From the CDC: handwashing and checklists work to lower infection rates in central venous lines

June 1, 2012  |  General

Many patients in intensive care units, children included, require what we call a central venous catheter (line) or CVL. This is a plastic tube that enters the skin at one of several places — the neck, upper chest, arm, groin — and has its tip end up in one of what are called the central veins. Here’s what such a line looks like. The pointy end goes into the patient. This particular one only has one tube, called a lumen. But we often use lines with several lumens, all contained within the same overall size tube. It’s like having two or three CVLs simultaneously.

Then central veins are inside the chest just outside the heart. Here’s an illustration of what they look like and shows the various approaches we can use to insert a CVL. The picture shows a subclavian approach — the vein under the collar bone. But we can use the veins in the arms or in the neck as well. Or, as is common in children, we can use the vein in the groin and approach the heart from below.

CVLs allow us to do several things. We can take blood samples without sticking the patient with a needle. This not only spares the patient a painful stick, it allows us to sample the blood in the central vein, which is often important. We can make useful measurements of the pressures inside the central veins, a key thing to know when caring for many patients. Because of the high blood flow inside the central veins, CVLs allow us to give medications that would burn or damage the inside of  smaller veins like those in the hands and arm.

CVLs are important tools for managing ICU patients. But they are not without risk. Their tips can wander into places they should not go. More commonly, the CVL can provide a highway for bacteria living on the skin to gain access to the inner organs of the body. These bloodstream infections can be very serious, even lethal.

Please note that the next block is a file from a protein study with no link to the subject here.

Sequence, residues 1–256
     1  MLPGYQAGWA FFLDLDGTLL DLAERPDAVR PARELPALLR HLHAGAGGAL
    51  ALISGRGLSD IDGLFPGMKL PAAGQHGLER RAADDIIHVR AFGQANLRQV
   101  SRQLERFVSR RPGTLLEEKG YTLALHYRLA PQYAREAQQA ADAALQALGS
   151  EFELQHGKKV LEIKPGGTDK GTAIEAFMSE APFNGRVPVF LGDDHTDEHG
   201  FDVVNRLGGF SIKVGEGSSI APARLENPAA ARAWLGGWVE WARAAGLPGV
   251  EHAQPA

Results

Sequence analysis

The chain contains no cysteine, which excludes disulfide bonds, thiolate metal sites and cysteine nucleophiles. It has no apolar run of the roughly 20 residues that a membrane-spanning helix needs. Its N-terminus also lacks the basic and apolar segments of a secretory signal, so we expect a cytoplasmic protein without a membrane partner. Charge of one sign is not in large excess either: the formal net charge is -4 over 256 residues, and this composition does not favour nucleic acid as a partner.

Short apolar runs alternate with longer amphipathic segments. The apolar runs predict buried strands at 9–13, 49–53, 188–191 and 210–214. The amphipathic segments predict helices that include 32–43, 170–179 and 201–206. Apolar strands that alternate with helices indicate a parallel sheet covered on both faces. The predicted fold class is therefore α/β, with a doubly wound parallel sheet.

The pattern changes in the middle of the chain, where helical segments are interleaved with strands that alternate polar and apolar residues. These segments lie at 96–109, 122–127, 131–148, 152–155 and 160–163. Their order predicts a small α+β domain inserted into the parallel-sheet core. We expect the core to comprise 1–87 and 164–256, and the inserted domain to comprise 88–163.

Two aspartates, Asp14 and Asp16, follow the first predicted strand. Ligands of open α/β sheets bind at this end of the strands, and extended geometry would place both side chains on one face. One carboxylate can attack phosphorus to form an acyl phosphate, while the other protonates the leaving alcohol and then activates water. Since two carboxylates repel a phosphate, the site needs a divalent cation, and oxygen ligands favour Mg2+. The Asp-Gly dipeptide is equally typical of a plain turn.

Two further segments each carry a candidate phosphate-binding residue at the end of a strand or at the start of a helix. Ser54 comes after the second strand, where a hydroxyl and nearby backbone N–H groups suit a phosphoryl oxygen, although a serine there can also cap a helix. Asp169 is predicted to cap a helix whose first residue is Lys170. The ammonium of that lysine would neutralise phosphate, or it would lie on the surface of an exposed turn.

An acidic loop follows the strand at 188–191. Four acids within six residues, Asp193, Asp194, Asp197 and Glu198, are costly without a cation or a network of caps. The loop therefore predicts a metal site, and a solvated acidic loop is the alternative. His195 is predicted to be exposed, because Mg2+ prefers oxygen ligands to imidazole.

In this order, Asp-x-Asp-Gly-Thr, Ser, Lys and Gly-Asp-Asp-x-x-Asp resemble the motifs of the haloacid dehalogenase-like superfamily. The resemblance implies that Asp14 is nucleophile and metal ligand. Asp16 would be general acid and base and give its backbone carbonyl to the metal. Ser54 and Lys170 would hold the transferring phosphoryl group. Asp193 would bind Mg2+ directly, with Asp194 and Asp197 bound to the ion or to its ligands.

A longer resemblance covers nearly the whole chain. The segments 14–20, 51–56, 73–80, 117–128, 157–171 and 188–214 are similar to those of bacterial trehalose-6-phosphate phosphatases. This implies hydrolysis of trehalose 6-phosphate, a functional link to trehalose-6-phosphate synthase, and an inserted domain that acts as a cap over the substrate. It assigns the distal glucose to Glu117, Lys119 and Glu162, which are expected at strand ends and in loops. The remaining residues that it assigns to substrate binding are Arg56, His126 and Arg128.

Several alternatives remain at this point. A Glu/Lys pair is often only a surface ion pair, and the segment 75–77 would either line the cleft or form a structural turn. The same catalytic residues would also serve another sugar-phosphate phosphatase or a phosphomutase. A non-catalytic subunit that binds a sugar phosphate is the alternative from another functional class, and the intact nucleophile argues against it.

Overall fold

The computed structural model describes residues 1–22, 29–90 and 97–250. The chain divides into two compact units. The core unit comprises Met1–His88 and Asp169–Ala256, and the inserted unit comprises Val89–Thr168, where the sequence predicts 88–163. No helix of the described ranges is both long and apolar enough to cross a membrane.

Some years ago research suggested very simple measures can reduce the chances of a patient with a CVL getting such a serious bloodstream infection. The measures are decidedly low-tech and  common sense.  Even though you are wearing sterile surgical gloves when you place a CVL, wash your hands before you start.  Wear a full-sized sterile gown. Clean the patient’s skin off thoroughly. Use sterile drapes and barriers so that bacteria from the area outside the immediate CVL site don’t crawl into the sterile field. Finally, use a checklist to make sure the person putting in the CVL follows all the steps. This is all very simple stuff. Yet the effect of adhering to the protocol is to reduce the rate of infection. The Centers for Disease Control (CDC) recently documented a nationwide reduction in CVL-associated infections.

The take-home message is that in modern ICU medicine, high-tech as it is, low-tech, simple stuff can have profound effects. My grandmother, a nurse who was always after us kids to wash our hands, would not be surprised,


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